Reader Comments... 
H Sutherland, MD, wine drinker
Corked wine is a complete loss to me because I usually drink a red wine 3-4 years after buying it. Thus, I do not and cannot prove that a wine store sold it to me. I would think that very few wine lovers could tell the difference between cork and screw cap.
George Vesel, Broker
veselbev, Kansas City area
Antoine Songy, President
Robert Kacher Selections, Washington DC
Great article, thanks. We are pushing for our suppliers to use screw caps for wines to be drunk young. However, there is a terrible shortage of glass in Europe at this stage. We also prefer the synthetic alternative which prevents cork tainted wines. With education and time consumers will recognize the validity of the choice we made. Thanks for your contribution and a bientot.
Jim Peck, Sr Research Scientist
G3 Enterprises, Modesto, CA
One of my pet peeves is the discussion of "screw caps" as if all are identical. Assuming good capping parameters, the sealing and oxygen diffusion characteristic of a screw cap are controlled by the cap liner, of which there are different manufacturers and different material compositions. It will educate your readers more if they are aware of whether you are referring to a screw cap with tin foil, aluminum foil, or saranex liners.
There are alternatives that are not considered in the article. One producer in Spain makes a cork cleaned with supercritical C02 that is TCA-free and has controlled permeability that winemakers seek. This is a good alternative for many wineries sick of random TCA issues with cork, the mechanical problems associated with cork, and cork’s inability to be consistent in sealing. This closure is called DIAM. I would think someone should research this new alternative and write about it.
Have you heard the latest? The Ozone Greenies want to keep the cork which comes from cork oak trees. They feel the trees will be replaced with development and contribute to "Global Warming" if the corks are done away with. The screw caps are supposedly not recyclable.
Nathan Carlson, Winemaker
Tolosa Estate / Courtside, San Luis Obispo, CA
We've done a lot of experimenting with closures as well. There is a great overview of the subtlety involved in selecting a closure in our blog: a discussion of the DIAM cork
, which has proved to be a good solution to TCA in wines that are not appropriate for Stelvin closures.
Thanks, Jason, this is a quality discussion of the options!
Fernando Rios, International Sales Director
Juvenal SA, Portugal
I can agree with some things, but with other ones not.
-- First: everybody knows that cork stoppers are not the only the reason for TCA in the wine.
-- Second: The percentage indicated in the article (between 3 and 10 % of wines are tainted due to cork stoppers) -- everybody knows that this also is not true. These are the figures, maybe, from 10-15 years ago!!!
If screw caps and synthetics are so good why don’t 100% of wineries use these closures?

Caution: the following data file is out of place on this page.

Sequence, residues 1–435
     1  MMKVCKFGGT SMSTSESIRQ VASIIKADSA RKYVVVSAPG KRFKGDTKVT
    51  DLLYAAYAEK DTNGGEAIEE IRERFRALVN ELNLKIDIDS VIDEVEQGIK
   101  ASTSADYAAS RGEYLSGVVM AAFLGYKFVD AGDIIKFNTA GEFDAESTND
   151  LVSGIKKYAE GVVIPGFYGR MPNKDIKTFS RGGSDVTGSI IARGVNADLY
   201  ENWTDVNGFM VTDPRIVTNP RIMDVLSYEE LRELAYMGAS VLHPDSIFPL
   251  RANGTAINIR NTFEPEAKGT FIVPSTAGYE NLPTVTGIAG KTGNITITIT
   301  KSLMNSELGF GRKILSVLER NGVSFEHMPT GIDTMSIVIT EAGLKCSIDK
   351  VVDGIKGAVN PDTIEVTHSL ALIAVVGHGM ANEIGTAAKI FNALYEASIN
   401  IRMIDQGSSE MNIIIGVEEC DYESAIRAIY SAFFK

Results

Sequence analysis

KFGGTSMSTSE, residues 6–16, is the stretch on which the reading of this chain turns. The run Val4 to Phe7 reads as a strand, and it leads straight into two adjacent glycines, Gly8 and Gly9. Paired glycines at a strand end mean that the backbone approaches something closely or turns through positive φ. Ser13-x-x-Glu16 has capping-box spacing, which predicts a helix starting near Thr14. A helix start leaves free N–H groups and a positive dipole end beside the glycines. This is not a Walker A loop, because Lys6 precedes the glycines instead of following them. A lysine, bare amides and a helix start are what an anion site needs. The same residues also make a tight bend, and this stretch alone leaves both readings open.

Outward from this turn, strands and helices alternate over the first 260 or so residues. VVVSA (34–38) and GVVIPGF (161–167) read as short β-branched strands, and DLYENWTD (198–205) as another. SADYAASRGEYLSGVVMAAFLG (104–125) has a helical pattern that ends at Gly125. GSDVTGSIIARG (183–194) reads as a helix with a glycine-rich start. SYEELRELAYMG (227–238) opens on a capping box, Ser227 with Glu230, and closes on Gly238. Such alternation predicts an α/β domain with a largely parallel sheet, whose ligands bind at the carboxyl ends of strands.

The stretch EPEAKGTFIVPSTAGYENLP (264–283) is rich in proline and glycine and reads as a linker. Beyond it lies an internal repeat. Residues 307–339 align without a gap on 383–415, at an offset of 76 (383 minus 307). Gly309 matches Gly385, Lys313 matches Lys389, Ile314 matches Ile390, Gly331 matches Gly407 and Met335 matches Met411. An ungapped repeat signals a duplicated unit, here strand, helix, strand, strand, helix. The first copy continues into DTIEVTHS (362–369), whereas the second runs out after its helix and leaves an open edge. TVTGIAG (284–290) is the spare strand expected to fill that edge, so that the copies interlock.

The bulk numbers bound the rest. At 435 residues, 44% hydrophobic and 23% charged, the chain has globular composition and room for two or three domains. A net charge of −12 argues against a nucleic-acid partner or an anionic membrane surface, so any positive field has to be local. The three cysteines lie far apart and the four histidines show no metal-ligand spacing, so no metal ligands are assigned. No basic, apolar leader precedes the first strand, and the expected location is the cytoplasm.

Magito & Co., Sebastopol, CA
So now bottle enclosures wag the winegrowers’ wines? What are you saying about who is in charge of the choices here? Every winegrower needs to fully understand their choices in every winegrowing step. Make and match your wines for the enclosure you choose. The tail does not wag the dog.
Thomas Houseman, Winemaker
Anne Amie Vineyards, Carlton, OR
I would like to chime in about something a cork supplier had the gall sneak into my office and leave on my desk. It was a flier about how screwcap as a closure choice lead to strip mining of the planet – inferring that cork closures were the "natural" choice". In their haste to damn the competition they have forgotten that almost all cork-closed wines have foil capsules covering them.
I think the competition from screwcaps has finally given the cork industry a reason to clean up their act and address a problem that had been ignored for decades.
Lastly, I agree that the closure must match the wine. I will be bottling our 2007 Willamette Valley Pinot Noir equally in both cork and screwcap. We will follow not only the evolution of the wine, but also the perception of the wine by consumers.
Craig Pinhey, Wine Writer/Sommelier
Freelancer, New Brunswick, Canada
I think the sulphur issue needs to be a bigger part of this discussion. I have frequent problems - far too frequent - with screwcapped wines. When I'm doing tastings I find many of them have matchstick-like sulphury noses, that do not go away quickly enough for use in these kind of events. They are temporarily shut down, and in effect spoiled for the purpose of the event.
Also, when I judged the International Value Wine Awards last month, I found many of the wines had a sulphury nose, both reds and whites. I bet these were screwcapped!
I know that some of these wines will benefit from decanting or a shaking in the glass followed by a waiting period, but this is a pain to someone like me who does regular tastings for my job.
Young fresh white wines with fruity, floral notes are the worst ones, because the sulphury character hides all the joys of the wine. Of course these are the wine styles that most companies are screwcapping.
Is the problem that many producers are still using too much sulphur in screwcapped wines? It isn't just new producers either. I've also had it with Chateau Bonnet, and several New Zealand and South African Sauv Blancs.